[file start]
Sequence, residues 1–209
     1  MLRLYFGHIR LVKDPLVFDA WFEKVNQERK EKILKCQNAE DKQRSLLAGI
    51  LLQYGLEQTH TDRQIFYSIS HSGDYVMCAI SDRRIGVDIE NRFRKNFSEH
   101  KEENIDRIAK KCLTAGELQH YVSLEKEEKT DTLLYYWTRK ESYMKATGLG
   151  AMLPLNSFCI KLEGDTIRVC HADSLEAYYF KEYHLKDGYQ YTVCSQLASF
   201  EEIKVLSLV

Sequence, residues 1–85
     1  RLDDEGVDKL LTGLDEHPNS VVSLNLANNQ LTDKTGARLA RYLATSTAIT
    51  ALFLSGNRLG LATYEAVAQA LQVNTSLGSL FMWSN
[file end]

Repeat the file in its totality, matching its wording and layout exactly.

Sequence, residues 1–209
     1  MLRLYFGHIR LVKDPLVFDA WFEKVNQERK EKILKCQNAE DKQRSLLAGI
    51  LLQYGLEQTH TDRQIFYSIS HSGDYVMCAI SDRRIGVDIE NRFRKNFSEH
   101  KEENIDRIAK KCLTAGELQH YVSLEKEEKT DTLLYYWTRK ESYMKATGLG
   151  AMLPLNSFCI KLEGDTIRVC HADSLEAYYF KEYHLKDGYQ YTVCSQLASF
   201  EEIKVLSLV

Sequence, residues 1–85
     1  RLDDEGVDKL LTGLDEHPNS VVSLNLANNQ LTDKTGARLA RYLATSTAIT
    51  ALFLSGNRLG LATYEAVAQA LQVNTSLGSL FMWSN